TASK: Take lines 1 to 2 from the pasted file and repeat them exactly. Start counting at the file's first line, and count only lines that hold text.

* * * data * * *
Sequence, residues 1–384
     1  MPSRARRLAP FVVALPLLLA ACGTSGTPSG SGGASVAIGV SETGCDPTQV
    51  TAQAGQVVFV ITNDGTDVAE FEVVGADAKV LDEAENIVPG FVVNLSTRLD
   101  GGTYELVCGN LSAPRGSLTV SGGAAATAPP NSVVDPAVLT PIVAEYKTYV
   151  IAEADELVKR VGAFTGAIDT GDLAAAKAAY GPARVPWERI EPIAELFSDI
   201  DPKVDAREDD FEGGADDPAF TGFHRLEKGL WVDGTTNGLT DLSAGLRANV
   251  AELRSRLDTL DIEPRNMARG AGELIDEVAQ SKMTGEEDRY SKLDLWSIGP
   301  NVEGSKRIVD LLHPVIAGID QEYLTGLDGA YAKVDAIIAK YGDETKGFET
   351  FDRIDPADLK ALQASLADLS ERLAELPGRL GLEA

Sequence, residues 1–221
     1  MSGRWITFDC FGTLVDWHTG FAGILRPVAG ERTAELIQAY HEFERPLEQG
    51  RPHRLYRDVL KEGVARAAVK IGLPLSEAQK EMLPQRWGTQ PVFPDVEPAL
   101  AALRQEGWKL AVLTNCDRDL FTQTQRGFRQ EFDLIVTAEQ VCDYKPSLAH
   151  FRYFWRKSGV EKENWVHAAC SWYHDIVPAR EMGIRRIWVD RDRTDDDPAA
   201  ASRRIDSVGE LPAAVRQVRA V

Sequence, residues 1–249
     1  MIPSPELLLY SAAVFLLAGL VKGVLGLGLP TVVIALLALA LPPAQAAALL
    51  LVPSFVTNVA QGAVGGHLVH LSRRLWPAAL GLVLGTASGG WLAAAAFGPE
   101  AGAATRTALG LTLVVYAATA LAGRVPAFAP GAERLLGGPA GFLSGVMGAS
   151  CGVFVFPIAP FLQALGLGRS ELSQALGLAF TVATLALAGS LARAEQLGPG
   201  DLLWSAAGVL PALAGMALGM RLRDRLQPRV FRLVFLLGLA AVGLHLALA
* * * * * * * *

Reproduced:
Sequence, residues 1–384
     1  MPSRARRLAP FVVALPLLLA ACGTSGTPSG SGGASVAIGV SETGCDPTQV